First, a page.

Te Puke pairing Nathan Fogden and co-driver Mike Gibbons will be looking to wrap up their class at the penultimate round of the 2018-19 New Zealand 4x4 Trials Championship this weekend.

Bay of Plenty Four Wheel Drive Club will host the Advantage Tyres/BF Goodrich National 4x4 Trial, round five of six in the 2018-19 championship, at 1204 Rangiuru Rd near Te Puke on Saturday.

The Fogden/Gibbons pairing and their Zook-Sport/BF Goodrich Tires C-class Cowper truck top their class on 362 points, 21 ahead of multiple C-class champion, Wellington's Phil Conwell.

''As long as we finish in the top three, we'll take the national title for the class. We started season with three first places in our class and were second at the last round,'' said Fogden.


This is Fogden's third year in the supermodified, four cylinder C-class.

He started competing in the national series in the 2004-5 season in an A class Suzuki originally bought as a work vehicle for his contracting business.

''We're a forestry establishment and silviculture contracting business, so quite often we have to get into remote little places. I had a very good friend who was doing the national trial series in a little Suzuki Jeep and he goes 'you should get one of these to get into your blocks' and it developed from there. Then all of a sudden it was, we don't want that [vehicle] for work any more, we want it for fun.''

He won the A-class title for production vehicles twice and then the E-class title for more modified vehicles in 2008-2009.

''I did six years in that class and Mike was with me for three of those, and then we got to that point where we'd been banging our little Suzuki Jeep around the sides of these hills for 10 year and said, lets go and get amongst it with the real top guys.''

The truck he now campaigns was built over a couple of years.

''It's quite a bit of kit, and it was a lot of truck to get used to compared to what we'd been in.''

They managed one round win and third place overall that first season, but ''weren't consistent enough''. They improved a place in 2017-18.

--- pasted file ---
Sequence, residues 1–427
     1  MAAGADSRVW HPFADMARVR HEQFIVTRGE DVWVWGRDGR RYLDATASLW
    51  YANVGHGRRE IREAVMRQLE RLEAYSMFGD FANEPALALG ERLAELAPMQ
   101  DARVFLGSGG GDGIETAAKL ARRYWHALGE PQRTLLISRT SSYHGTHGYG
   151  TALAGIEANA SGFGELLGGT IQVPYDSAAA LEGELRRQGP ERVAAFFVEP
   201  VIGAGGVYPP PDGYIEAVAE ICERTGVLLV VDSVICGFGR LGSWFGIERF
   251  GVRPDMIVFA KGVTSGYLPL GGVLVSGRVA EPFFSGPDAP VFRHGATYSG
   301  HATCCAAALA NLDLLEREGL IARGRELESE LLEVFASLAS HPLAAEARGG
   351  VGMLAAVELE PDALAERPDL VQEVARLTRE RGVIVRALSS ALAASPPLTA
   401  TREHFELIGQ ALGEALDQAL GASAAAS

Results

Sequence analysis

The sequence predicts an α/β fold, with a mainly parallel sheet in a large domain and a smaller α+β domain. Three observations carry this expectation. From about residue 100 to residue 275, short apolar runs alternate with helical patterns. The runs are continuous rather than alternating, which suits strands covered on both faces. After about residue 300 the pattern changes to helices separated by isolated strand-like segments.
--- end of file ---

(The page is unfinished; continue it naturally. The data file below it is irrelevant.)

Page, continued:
''We were right there last season, and it probably came down to two hazards at one rally in the middle of the season. That was the difference because we went on a bit of a run after that.''

Gibbons built the motor that Fogden describes as a ''pretty special four cylinder'' that puts out 270 kilowatts.

As long as they have a four cylinder power plant, the only other limitation on C-class vehicles is tyre size.

''We can have four-wheel steer, any suspension we want, independent wheel brakes on each wheel, twin diff locks,'' said Fogden.

''Our truck was built so it's a team effort - Mike has the four-wheel brakes and two diff locks to control, I've got a steering wheel and gears and throttle, although I can grab the wheel brakes as well if he's in trouble and can't do anything.''

''He dictates how fast we go, and I dictate which direction we go,'' said Gibbons.

''He's got the steering wheel but my brakes override his steering wheel - if he wants to go left and I want to go right, I win.

Timing is crucial.

''If he holds on to the brakes too long we end up to the point where we aren't going to get it back,'' said Fogden.

''The challenge is for me to apply the power when he wants me to, when you put the power on it helps the truck turn - so it's that co-ordination.''

''I can quite often be going down a hill trying to grab the front and the rear [wheel] brakes on the same side trying to get the truck to turn and as soon as I let that go I'm grabbing another button to get the diff locked, so it can get busy on both sides of the truck,'' said Gibbons.

Consistency is crucial to success.

''It's about getting the points you should get with the truck you've got,'' said Fogden.

''You can't make one mistake - one mistake will be the difference between first and fifth.

"But you are on surface that's not going to be consistent and you can't say a tyre's going to do this - so it's hard to be that consistent - every hazard is different and hazards change over the day."

The random draw for start position can be crucial.

''Some hazards will get harder over the day and some will get easer - a mud bog is typically one that will get harder, hill climbs or sidelings will get easier because they get smoothed off and the grass gets taken off,'' said Fogden.

Dominating this year's overall championship have been Auckland's Biggs brothers with their 6.0-litre self-built Nitro Customs D-class (5-cylinder plus) Super Modified trucks.

Defending champion Scott Biggs has won three of the four previous rounds to be on 399 points out of a possible 400. Brother Jarred, Scott's co-driver last season, won the other round and sits on 388 points.

Waikato driver Neville Mather is the nearest challenger to the Biggs brothers with 382 points.

Also competing on Saturday will be Tauranga's David Vanderschantz whose championship hopes this season have been hampered with transmission problems.

The event takes place on Saturday at 1204 Rangiuru Rd, starting at 8.30am. Adults $10, children $5, family $25.

The details

Each hazard is marked by blue pegs at the start and end points.
The boundaries of the hazard are indicated by red pegs on the right and yellow pegs on the left.
The driver and co-driver attempt to negotiate their vehicle through each hazard as far as they can.
Vehicles must not flatten or straddle pegs or run over boundary pegs if on a graded hazard.
Hazards include hill climbs, water courses, mud bogs, steep hills, rocks and ruts as well as speed sections.